The second ride was a week later and although only 42 miles were completed in roughly the same time the ride was much harder with most of the ride spent in endurance and tempo zones. The total work and TSS were much higher showing that this ride has a greater training load. If you can monitor this you can make your riding more efficient.
Power helps you target your training – making it more specific
Following on from making better use of your training time the next refinement is that a power meter will help you make your training more specific. The two rides above were unfocussed rides, there was no goal to them except just riding the bike. Any coach will tell you that every ride should have a goal, whether it is recovery, a big endurance day or high intensity time trial efforts. With a power meter on your bike you can target your training to what ever you or your coach choose.
You can ride at the levels set and then when you get home look back at the file and see how well you did. The file below is a 2 hour tempo (Z3) ride. That was what was set and the rider did it exactly. Come the end of the ride it would have started to hurt but just being able to see what power he was doing the rider managed to complete the set training.
Power acts as a great motivator, making indoor training especially more targeted.
Motivation. This is a great aspect of training with power. Because we can define very specifically some of the efforts, its easy to know what to do and this is a major motivation factor. Indoor trainers are not the easiest of things to use and people are often scared of them. But if you go into a session with a defined set of intervals at a defined power level then that can make a massive difference. 4 x 5min threshold efforts sounds a lot better than just ride hard a few times…..
Power helps you identify weaknesses and track improvements
This is one of the big things power can do for you – help you identify your weaknesses. Take the indoor training efforts. If your coach has set you 6 x 3 min efforts and you can only mange 3 then you know you are less used to intense efforts and they fatigue you more than expected.
On the other hand, if you are trying to do 20 minute sweet spot efforts and just collapse after 10 minutes then you can see that you need to practice these more. In races, time trials or the bike session on a triathlon you can look back at power files and see if you got the pacing right. Did you go too hard to start and then die off?
Looking back at race files can give you a clue as to how to ride them in the future. Some people can go above threshold easier than others. If you look back and see that on the races where you went too hard for a while you just exploded, then you know that pacing is incredibly important for you. If on the other hand a few minutes above threshold doesn’t seem to damage you too much then that is great to know.
In terms of improvement, as you get stronger you will find reaching certain power levels gets easier. If you time trial a lot you will see steady state power levels increase. If not, conducting tests will enable you to see that you can produce more power than you used to. In short, tracking the numbers of all your races and rides gives you the chance to see how your body has changed, hopefully for the better, over time.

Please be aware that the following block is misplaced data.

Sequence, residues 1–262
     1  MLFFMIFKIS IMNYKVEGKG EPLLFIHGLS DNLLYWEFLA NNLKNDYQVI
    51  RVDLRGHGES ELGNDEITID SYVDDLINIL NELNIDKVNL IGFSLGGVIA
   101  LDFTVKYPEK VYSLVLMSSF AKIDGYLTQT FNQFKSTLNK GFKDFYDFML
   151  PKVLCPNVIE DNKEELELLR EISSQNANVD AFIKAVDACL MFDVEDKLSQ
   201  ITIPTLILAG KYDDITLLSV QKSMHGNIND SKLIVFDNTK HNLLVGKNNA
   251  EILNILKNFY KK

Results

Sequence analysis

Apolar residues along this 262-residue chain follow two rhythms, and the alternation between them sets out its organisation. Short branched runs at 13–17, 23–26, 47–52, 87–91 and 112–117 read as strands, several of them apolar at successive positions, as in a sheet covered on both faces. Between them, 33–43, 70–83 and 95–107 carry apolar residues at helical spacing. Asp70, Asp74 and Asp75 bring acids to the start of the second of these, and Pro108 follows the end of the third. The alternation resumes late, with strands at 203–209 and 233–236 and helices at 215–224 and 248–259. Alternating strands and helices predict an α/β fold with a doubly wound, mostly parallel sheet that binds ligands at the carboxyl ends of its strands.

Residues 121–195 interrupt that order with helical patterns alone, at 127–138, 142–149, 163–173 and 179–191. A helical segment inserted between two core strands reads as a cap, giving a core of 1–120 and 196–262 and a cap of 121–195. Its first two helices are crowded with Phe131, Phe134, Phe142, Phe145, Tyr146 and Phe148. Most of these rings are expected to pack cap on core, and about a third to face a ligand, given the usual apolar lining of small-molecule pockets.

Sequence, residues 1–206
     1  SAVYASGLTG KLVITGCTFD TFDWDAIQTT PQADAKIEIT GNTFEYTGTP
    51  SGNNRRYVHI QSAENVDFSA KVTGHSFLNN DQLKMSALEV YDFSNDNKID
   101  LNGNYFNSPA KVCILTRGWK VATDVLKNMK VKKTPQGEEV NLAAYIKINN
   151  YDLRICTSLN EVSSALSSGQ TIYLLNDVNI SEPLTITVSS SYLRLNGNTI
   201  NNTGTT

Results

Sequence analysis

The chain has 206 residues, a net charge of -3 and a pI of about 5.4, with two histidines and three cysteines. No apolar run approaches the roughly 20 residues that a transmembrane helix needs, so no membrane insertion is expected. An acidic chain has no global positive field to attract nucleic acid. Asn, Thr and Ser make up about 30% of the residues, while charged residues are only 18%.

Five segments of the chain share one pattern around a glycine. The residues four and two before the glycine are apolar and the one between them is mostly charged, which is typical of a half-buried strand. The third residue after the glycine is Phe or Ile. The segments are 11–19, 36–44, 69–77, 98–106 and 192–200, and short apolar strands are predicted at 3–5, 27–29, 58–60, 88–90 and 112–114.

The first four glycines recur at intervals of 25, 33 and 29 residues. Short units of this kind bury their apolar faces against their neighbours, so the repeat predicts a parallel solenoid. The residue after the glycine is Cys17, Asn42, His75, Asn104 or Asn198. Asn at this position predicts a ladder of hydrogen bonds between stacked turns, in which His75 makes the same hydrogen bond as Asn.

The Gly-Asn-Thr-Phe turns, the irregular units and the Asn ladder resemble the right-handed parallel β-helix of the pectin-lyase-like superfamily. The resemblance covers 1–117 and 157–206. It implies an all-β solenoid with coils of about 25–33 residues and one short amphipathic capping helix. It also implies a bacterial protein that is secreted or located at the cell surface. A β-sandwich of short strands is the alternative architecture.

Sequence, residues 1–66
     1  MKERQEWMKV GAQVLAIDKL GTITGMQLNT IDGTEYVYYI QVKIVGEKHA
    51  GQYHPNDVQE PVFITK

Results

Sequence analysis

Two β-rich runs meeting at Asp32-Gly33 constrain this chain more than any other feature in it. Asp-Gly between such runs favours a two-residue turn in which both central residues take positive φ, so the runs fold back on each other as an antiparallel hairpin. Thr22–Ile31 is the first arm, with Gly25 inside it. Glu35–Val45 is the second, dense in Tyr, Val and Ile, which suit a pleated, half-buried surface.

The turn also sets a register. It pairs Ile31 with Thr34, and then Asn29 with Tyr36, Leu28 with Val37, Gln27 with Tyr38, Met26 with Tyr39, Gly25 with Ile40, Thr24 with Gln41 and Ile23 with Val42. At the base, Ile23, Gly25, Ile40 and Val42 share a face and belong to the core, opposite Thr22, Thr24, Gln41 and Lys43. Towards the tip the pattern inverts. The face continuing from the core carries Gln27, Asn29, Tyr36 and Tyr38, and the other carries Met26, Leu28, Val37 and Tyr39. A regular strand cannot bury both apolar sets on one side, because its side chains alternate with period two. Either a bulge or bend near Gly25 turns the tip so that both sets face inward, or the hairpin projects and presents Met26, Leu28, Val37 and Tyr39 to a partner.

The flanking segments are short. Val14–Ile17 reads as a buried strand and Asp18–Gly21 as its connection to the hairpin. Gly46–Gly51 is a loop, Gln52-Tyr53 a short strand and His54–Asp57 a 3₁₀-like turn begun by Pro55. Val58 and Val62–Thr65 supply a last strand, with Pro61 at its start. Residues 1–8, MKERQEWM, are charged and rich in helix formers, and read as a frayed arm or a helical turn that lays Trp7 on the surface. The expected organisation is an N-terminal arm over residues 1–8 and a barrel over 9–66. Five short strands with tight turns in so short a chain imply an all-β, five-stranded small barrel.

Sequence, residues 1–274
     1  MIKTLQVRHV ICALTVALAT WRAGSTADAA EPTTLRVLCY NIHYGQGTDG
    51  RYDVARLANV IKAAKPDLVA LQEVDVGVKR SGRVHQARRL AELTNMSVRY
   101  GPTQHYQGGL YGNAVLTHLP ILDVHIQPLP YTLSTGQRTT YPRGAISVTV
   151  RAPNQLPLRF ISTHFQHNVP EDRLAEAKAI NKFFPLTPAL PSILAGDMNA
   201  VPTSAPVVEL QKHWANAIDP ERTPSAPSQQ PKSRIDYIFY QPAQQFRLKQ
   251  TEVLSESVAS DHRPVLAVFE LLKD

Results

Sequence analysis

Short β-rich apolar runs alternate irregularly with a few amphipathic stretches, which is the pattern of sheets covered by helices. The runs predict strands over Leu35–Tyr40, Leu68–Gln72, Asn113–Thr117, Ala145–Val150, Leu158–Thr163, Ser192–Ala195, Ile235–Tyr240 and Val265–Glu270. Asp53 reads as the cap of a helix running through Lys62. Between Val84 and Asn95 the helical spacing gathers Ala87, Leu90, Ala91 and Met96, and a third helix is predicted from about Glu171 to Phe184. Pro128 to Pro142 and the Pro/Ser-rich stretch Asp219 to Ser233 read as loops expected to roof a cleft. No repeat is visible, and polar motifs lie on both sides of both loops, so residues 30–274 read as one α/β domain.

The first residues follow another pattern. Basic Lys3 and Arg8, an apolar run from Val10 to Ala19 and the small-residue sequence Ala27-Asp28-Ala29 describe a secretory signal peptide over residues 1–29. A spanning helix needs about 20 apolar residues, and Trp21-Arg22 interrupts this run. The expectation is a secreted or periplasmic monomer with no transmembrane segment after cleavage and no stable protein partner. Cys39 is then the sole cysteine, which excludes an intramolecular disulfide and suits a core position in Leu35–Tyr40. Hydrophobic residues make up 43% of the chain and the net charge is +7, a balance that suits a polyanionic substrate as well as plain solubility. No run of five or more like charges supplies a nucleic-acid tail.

Power helps you work out when you are too tired and can stop you over training
As you spend more time riding with and using power one of the more sophisticated benefits is the ability to spot when you are getting too tired and perhaps overtraining. On a simple level, if you are set 6 x 3 minute intervals at 300 watts say and after the second interval you can’t keep the power that high, then on that day you are tired and you should stop training. That is a great, objective way to know if you need to rest, and often just backing off for 24 hours can make all the difference.
One measure of work that we haven’t talked about is something called Training Stress Score – TSS. This is a measure of the work of a ride relative to your FTP. If you ride at your FTP for an hour then your TSS score is 100. It doesn’t matter what the level of your FTP is, mine might be 280 and yours 380 but if we ride at that level for an hour it causes the same amount of stress on our bodies. Once we start using TSS and seeing how much we do in a week then we can start to assess if we are doing too much and also how big days affect us. If you have been training at around 400 TSS per week and suddenly jump up to 700 then you would expect to feel very tired and actually need a rest. Over time you can begin to find what levels make you tired, what levels make you ill and what levels you need to come down to for a taper.
If we remember back at the start I said that the goal of training is to gradually increase the load that your body can absorb. Using TSS gives you a very precise and objective way of measuring and achieving that.
In the end – Power makes you learn more about your body.
Finally, what power meters really help you do is learn to understand your body, how it works, what it can cope with and how best to make it go faster on a bike. You can use a power meter in different ways at different times of the year. In the winter you can watch your monthly work totals go up. Pre and early season you can use it to build threshold power and practice race winning attacks. Leading up to target events you can fine tune your form and then finally concentrate on rebuilding endurance that constant racing can sometime erode for the last part of the year. It is the ultimate cycling tool.